A Swiss developer is claiming that Apple's iPhone may not be as safe as the company claims it to be, calling into question the official stance that if you don't jailbreak your handset you'll be completely protected.
Nicolas Seriot has published a series of security shortcomings that could allow hackers to create malicious apps which lift data from any iPhone. Email, keyboard entries in the cache and browser history files could all be in danger of being exposed if a developer hides malware code in an app.
Seriot has created a proof-of-concept app that he's calling SpyPhone, which can read or edit a user's address book, browse web surfing history, see recent GPS positions and more. However, the attack relies on the hacker getting through Apple's app approval process, which isn't easy.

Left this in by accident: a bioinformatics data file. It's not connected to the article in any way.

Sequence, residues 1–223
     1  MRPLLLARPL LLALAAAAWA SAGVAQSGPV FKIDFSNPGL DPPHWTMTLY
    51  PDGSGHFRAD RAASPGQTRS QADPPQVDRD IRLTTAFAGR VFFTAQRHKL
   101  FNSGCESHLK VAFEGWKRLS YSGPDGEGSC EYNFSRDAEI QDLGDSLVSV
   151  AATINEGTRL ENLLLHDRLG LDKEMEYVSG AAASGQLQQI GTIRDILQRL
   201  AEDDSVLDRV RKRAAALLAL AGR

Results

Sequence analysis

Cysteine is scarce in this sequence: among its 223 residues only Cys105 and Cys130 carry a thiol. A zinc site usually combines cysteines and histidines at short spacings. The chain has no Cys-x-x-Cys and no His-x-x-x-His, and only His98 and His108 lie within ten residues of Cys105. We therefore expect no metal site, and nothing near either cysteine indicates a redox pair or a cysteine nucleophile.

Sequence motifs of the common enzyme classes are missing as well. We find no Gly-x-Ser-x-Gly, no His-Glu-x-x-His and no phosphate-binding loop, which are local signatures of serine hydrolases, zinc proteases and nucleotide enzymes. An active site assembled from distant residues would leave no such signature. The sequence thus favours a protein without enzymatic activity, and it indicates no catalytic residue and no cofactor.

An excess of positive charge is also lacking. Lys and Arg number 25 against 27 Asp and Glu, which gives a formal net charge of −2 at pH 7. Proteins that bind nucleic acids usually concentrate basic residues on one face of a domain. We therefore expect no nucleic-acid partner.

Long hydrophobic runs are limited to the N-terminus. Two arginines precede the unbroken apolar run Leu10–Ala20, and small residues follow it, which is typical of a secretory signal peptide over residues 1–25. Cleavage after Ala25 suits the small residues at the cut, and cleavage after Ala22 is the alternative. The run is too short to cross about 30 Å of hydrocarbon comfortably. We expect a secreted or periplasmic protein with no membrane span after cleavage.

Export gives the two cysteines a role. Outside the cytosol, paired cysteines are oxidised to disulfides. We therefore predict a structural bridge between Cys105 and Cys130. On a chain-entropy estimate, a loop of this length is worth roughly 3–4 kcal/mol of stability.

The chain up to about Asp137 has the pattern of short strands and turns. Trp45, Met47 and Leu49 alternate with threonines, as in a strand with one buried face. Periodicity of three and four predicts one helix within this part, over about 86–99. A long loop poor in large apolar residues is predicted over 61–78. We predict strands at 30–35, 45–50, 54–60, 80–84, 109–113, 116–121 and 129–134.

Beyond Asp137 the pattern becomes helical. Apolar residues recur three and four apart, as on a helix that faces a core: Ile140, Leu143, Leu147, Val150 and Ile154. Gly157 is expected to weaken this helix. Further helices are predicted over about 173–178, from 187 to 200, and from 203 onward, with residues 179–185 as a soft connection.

To do that, code would have to be activated after the review process is complete, and you'd need to obscure the code in some way to prevent the malicious behaviour being detected. However, no exploits or third-party APIs would be required.
Seriot did, however, suggest some ways in which security on the handset could be beefed up. He says that users should be prompted to authorise access to iPhone Address Books, and firewalls should be implemented. He also suggested that the keyboard cache should be an OS-only service, not available to apps.
Apple hasn't yet responded to the accusations, but if the US tech giant does - and that's quite a big if, we'll update this story.